Have you faced any barriers? If so, how have you overcome them?
Throughout my journey as a woman in the realm of science, I’ve encountered numerous obstacles not just within the confines of research. Being a woman, especially in fieldwork, often means facing underestimation due to both my gender and sometimes my youth. The struggle for respect and acknowledgment is real, particularly in areas where cultural norms still place women in a subordinate position.
From a young age, my curiosity and eagerness to learn were boundless. At six, I dreamt of taking classes in violin, cooking, and languages. Yet, financial constraints limited my educational opportunities; my family struggled to consistently afford even my basic schooling. Post-secondary school, I was fortunate to receive a regional scholarship for the top 14 students in Vakinankaratra, a province of 2 million, which covered my tuition for three years. With a modest scholarship of USD $90 per year, I managed to purchase a USD $40 computer that, predictably, fell short of meeting the technical needs for data analysis. University life was marred by frequent strikes and subpar courses, often leaving us with little more than a PDF or a link as our educational resources.
The challenge of mastering English added another layer of complexity to my scientific education, given its limited usage and instruction in Madagascar. During the E2M2 training, conducted entirely in English, I struggled initially but was determined to improve my language skills. Despite making progress, the lack of practice post-training meant my newly acquired skills quickly faded. Motivated by a desire to learn, I sought out both funded opportunities and free online courses to improve my English, allowing me to better communicate with my American principal investigator during these times and other English-speaking colleagues.
One of the most disheartening aspects of my career has been observing the dominance of foreign-led research in Madagascar, conducted primarily in languages other than our own. This not only complicates the learning process for local students but also restricts the sharing of research findings with the broader community. Equally troubling is the apparent disparity in treatment and opportunities between local and foreign researchers, despite comparable qualifications and experience. This stark inequality has led to profound disappointment and a critical reevaluation of the prevailing academic system.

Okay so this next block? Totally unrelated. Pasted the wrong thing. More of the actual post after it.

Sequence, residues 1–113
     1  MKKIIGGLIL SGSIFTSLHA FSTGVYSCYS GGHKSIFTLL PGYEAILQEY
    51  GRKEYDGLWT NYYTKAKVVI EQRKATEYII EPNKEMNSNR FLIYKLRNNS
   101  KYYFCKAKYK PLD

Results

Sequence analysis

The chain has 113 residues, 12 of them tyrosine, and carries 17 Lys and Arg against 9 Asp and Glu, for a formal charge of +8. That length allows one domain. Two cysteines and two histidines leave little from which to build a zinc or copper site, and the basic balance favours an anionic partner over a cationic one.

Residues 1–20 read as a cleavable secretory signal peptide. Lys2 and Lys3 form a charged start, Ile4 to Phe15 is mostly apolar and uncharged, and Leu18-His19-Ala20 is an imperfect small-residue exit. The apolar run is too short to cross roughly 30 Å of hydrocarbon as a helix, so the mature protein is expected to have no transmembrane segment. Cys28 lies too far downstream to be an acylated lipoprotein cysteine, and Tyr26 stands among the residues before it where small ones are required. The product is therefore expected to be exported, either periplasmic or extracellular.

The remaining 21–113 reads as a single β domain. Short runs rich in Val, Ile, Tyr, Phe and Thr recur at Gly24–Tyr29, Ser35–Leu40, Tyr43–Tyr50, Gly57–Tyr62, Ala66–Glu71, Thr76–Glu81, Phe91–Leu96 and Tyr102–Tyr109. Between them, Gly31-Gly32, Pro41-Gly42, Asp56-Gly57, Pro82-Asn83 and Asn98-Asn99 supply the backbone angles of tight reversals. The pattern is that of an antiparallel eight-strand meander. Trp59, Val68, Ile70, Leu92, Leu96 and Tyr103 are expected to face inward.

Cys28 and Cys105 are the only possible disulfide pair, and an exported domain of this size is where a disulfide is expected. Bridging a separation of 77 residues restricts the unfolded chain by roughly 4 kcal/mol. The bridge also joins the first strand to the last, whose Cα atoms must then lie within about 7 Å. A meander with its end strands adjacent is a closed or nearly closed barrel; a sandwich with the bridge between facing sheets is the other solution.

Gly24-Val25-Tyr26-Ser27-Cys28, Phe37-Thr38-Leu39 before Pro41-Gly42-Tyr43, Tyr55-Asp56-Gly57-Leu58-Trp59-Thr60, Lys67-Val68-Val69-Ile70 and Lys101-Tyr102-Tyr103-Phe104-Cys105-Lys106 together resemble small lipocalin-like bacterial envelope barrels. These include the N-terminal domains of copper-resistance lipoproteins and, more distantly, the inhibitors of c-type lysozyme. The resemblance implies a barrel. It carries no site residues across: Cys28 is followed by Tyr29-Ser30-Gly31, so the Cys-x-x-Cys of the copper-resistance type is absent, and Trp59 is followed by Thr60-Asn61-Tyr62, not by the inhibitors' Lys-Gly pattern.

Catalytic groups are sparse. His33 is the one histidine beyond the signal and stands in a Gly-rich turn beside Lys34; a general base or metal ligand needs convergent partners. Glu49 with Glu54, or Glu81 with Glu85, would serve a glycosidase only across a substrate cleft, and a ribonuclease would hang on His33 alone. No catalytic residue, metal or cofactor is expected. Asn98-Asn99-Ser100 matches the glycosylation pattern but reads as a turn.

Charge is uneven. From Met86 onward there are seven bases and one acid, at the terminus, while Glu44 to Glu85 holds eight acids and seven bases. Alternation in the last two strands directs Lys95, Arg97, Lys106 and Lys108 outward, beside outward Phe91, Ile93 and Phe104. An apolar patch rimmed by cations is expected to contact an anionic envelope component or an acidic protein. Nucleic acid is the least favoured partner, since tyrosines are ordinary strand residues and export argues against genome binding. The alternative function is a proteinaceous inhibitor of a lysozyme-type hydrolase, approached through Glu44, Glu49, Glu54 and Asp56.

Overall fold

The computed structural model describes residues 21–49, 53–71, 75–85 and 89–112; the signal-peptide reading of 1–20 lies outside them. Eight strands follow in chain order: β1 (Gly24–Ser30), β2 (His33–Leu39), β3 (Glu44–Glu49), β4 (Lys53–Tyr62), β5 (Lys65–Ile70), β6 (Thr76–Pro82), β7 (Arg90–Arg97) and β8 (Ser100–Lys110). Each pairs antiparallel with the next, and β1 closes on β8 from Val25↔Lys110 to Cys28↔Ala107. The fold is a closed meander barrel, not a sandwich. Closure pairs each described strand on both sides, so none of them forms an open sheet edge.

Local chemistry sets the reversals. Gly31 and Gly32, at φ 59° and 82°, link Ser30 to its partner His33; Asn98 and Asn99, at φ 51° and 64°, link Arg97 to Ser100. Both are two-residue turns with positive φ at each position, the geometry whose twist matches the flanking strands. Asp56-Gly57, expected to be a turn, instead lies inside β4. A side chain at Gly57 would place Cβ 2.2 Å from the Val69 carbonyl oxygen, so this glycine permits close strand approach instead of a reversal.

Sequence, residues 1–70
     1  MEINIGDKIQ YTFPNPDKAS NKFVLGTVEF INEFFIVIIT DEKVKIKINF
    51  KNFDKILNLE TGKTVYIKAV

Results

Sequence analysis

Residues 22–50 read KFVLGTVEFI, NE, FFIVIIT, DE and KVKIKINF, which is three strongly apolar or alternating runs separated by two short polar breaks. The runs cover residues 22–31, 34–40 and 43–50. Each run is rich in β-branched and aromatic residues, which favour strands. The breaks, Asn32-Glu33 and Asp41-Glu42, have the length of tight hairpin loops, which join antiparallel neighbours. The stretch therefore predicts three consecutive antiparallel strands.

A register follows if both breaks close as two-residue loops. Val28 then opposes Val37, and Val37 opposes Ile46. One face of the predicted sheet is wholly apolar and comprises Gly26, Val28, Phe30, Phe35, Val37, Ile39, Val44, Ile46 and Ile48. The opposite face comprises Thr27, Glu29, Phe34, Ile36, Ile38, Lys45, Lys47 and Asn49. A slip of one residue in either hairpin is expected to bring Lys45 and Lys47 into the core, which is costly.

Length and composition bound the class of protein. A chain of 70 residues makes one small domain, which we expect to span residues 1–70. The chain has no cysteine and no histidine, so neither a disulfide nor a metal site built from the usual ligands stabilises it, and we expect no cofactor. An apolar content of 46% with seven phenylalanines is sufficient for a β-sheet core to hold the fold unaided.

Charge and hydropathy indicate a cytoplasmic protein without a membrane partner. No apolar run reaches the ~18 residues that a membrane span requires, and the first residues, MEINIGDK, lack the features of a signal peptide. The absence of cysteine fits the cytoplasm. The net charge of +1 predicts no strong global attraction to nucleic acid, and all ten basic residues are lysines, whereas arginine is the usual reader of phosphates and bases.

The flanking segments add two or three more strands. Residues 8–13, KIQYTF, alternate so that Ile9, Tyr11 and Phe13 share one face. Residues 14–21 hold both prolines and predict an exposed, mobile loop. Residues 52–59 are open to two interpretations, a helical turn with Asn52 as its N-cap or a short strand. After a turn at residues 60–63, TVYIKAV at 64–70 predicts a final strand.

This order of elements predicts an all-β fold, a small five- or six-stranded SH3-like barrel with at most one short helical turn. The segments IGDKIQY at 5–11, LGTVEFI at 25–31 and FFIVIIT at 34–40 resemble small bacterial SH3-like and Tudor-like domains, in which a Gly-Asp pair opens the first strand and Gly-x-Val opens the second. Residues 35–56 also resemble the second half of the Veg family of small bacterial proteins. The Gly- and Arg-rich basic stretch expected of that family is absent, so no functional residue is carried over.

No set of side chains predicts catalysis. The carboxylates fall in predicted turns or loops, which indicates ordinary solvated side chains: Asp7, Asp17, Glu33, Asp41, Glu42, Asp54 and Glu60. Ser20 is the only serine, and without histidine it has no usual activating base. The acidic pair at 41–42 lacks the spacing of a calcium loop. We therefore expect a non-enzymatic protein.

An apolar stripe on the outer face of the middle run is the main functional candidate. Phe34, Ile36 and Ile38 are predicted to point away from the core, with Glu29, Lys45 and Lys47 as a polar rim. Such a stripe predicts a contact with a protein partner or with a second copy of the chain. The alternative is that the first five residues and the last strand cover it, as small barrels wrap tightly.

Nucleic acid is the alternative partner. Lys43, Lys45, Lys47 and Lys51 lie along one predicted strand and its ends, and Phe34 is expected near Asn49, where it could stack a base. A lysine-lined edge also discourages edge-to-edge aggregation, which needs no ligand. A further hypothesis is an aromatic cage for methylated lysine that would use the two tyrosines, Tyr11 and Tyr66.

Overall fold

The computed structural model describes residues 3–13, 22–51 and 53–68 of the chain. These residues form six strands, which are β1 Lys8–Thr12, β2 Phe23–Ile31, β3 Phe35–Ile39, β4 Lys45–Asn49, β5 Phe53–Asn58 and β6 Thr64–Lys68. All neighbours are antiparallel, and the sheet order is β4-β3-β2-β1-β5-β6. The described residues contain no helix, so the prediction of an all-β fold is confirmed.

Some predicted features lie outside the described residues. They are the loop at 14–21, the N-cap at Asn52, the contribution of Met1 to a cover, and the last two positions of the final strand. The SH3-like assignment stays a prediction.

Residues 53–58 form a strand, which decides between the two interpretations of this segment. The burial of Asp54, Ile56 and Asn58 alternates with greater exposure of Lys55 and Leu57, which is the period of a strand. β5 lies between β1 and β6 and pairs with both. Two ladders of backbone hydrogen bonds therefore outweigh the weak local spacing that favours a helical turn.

This narrative isn’t just my story; it’s a reflection of the broader challenges faced by women in science, particularly in environments where systemic and cultural hurdles persist. It underscores the importance of resilience, adaptability, and the ongoing struggle for equality in the scientific community.
What would be your advice to women in endemic countries wanting to pursue a career in science?
If you’re a woman wanting to work in science in places where it’s hard, remember this: your dreams and big goals are important. Even though I’m still growing in my career and might not have all the answers, I believe in aiming high and chasing your dreams. I want to finish with a short story that says a lot: ‘If you think you are too small to make a difference, try spending the night in a room with a mosquito.’ This means even if you feel small or face big challenges, you can still do important things. Like a mosquito, you can make a big impact in science, no matter the obstacles. Keep going and believe in yourself.